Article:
of monetary policy only if agents have heterogeneous marginal propensities to consume
(MPC), as otherwise any gain or loss to savers due to changes in interest rates would be
exactly offset by a corresponding loss or gain to borrowers, with no effect on aggregates.
Therefore, in our third main result, we introduce both heterogeneity and private assets in
the model and show that private wealth effects substantially amplify the response to mon-
etary policy. Our focus on the interaction of heterogeneous MPCs with a positive amount
of private debt contrasts with much of the literature on analytical HANK models, which
typically focuses on the case of zero liquidity.3 Furthermore, we show that introducing pri-
vate wealth effects significantly improves the ability of our quantitative model to match the
empirical response of consumption to monetary shocks, even when the model is required
to match the response of fiscal variables observed in the data.
We now consider each one of these results in detail. We begin by presenting a de-
composition of the response of the economy to changes in the path of the nominal interest
rate in the context of a standard RANK model in continuous time, in the spirit of Werning
(2012) and Cochrane (2017). Our decomposition consists of an extension of the standard
Slutsky decomposition to a general equilibrium setting. In partial equilibrium, a change
3See e.g., Broer et al. (2019) and Bilbiie (2018) for analytical HANK models with zero private liquidity.
Our result is closer to the one in Auclert (2019), who discusses the interaction of heterogeneous MPCs with
differences in interest rate exposures. However, while he presents a consumption decomposition in terms of
real interest rate and output, our results are expressed directly in terms of policy variables, namely nominal
interest rates and fiscal transfers.
in relative prices triggers a change in the households’ consumption decisions through two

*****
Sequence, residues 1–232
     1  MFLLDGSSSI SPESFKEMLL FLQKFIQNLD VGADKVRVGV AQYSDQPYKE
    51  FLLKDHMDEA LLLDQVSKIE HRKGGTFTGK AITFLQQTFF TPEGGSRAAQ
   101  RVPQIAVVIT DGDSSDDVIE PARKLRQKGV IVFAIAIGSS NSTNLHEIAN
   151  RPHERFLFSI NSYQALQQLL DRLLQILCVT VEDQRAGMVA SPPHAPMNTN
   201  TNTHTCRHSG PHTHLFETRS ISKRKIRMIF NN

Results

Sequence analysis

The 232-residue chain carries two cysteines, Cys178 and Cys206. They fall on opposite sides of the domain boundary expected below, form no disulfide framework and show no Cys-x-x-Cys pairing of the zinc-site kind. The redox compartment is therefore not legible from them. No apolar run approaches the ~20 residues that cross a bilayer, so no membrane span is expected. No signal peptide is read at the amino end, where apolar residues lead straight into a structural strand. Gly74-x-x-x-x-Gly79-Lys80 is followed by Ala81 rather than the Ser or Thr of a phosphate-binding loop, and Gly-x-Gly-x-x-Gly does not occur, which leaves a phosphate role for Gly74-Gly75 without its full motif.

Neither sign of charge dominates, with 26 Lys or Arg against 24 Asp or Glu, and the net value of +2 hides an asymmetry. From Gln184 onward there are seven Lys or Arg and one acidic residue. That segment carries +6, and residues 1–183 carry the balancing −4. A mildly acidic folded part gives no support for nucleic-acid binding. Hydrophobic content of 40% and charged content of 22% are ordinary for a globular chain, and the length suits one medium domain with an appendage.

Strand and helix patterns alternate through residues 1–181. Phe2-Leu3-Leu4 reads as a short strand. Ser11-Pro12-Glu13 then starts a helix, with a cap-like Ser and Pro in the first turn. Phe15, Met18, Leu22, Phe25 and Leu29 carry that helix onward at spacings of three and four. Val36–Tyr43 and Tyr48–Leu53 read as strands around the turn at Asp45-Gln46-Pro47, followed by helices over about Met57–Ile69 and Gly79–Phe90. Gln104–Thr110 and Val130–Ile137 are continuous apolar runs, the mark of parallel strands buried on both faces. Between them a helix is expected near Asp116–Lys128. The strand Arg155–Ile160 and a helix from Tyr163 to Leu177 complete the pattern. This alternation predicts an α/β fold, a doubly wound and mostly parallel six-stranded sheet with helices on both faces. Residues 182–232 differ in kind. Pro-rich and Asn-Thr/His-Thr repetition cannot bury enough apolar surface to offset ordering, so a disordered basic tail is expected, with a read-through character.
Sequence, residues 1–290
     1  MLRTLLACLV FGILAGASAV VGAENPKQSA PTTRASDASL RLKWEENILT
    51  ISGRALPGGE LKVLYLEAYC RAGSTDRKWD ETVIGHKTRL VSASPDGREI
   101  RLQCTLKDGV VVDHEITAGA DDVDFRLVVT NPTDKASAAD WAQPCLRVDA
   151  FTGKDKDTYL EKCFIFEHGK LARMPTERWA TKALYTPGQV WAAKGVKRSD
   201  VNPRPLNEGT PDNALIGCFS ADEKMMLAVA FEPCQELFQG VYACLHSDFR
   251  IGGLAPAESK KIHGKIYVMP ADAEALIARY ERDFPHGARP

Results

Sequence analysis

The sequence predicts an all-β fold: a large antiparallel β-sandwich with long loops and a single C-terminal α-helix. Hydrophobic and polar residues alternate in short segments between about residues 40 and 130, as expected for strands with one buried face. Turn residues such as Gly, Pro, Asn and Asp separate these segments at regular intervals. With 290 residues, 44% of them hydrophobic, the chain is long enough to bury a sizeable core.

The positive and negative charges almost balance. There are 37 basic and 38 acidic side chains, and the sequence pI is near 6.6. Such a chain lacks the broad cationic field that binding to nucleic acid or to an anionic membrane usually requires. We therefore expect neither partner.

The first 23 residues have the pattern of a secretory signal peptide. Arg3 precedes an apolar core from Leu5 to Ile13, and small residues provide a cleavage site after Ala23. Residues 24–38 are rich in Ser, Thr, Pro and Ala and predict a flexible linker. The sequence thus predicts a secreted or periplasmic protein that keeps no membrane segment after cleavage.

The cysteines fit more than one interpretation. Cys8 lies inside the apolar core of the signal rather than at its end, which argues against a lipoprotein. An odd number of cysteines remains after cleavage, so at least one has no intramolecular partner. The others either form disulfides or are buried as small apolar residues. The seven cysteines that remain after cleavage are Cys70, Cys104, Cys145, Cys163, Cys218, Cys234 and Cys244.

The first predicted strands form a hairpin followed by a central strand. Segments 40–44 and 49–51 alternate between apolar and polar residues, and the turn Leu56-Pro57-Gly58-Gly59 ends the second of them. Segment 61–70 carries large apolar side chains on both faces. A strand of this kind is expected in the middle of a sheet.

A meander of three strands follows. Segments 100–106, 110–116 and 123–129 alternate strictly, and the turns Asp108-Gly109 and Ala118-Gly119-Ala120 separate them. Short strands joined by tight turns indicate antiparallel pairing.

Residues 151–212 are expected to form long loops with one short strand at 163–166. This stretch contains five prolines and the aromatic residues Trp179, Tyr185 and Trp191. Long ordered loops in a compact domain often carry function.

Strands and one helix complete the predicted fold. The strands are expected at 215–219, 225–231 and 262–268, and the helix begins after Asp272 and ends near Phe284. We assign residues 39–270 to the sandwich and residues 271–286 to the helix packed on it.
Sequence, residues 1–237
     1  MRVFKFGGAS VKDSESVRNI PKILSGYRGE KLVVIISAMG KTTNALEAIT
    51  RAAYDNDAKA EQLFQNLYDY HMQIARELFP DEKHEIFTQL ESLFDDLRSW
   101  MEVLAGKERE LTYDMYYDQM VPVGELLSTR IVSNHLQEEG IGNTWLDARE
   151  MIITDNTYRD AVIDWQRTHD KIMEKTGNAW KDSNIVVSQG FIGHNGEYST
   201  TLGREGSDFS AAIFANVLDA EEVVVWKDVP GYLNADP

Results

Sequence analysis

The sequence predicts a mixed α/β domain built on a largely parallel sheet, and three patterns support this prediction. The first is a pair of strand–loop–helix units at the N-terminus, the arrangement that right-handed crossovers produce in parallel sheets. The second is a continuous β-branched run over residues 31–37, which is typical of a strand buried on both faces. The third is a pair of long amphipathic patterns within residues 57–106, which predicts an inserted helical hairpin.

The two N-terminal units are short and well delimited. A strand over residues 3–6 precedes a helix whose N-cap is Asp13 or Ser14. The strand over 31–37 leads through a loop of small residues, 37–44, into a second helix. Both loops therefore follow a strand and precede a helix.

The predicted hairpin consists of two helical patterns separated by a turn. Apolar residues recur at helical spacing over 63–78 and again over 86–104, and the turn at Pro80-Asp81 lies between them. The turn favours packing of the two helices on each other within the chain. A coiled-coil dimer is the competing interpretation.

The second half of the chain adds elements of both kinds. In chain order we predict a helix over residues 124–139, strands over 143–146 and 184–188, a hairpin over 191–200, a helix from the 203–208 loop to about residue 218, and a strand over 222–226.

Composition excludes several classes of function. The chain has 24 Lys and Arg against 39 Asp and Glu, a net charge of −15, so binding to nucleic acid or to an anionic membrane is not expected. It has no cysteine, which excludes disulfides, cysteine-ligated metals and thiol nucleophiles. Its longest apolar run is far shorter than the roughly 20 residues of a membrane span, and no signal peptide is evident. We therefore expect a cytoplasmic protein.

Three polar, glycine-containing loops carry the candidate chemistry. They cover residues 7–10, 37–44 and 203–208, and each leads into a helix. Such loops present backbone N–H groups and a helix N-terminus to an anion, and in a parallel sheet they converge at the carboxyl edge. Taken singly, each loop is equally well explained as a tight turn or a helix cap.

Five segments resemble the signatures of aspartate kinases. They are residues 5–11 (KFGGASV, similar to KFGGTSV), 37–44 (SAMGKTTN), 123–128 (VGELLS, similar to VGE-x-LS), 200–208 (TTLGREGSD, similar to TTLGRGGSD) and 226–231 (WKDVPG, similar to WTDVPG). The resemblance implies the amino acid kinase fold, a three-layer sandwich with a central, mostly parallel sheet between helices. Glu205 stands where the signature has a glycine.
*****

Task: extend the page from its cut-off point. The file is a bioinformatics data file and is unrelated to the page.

basic channels: a substitution effect and a wealth effect. In general equilibrium, however,
the wealth effect would affect inflation, changing intertemporal prices and affecting the
substitution effect. Therefore, in general equilibrium, the substitution and wealth effects
are intertwined, and it is important to explicitly take into account their interaction.
Our first main analytical result shows that, given a change in the path of the nomi-
nal interest rate, the path of consumption in all solutions to the system given by the Euler
equation and the New Keynesian Phillips Curve can be expressed as the sum of three com-
ponents: a general equilibrium substitution effect (GE-SE), which accounts for the change in
the consumption and inflation paths generated by the change in nominal interest rates,
keeping households’ wealth fixed; a wealth effect (WE), which accounts for changes in the
present value of the households’ labor and financial income, as well as changes in the
present value of fiscal transfers and in the value of public debt; and a general equilibrium
(GE) amplification, given by the product of the wealth effect and a GE multiplier, which
incorporates the general equilibrium interactions between price determination and house-
holds’ wealth. Moreover, this decomposition has a useful alternative interpretation. The
GE-SE is the unique solution to the RANK model in which households’ wealth does not
change; the WE and the GE amplification, then, incorporate the changes in the economy
triggered by variations in households’ wealth.
The decomposition provides new insights into several dimensions of the economic
mechanisms embedded in New Keynesian models. First, we identify a new interpreta-
tion of the source of the multiplicity of equilibria that plagues the RANK model with an
interest rate peg. We show that the GE multiplier is uniquely determined by the structural
parameters of the model, and the GE-SE is unique given a path of the nominal interest
rate. Thus, we can index all solutions to the RANK model by the level of wealth effect they
generate. In this sense, we can interpret the Taylor rule as selecting a particular level of
the equilibrium wealth effect. In particular, we show that, under standard parametriza-
tions, the Taylor rule equilibrium selects the unique purely forward-looking solution of the
system. Moreover, the Fiscal Theory of the Price Level (FTPL), in the version with sticky
prices, differs from the equilibrium with a Taylor rule only in the determination of the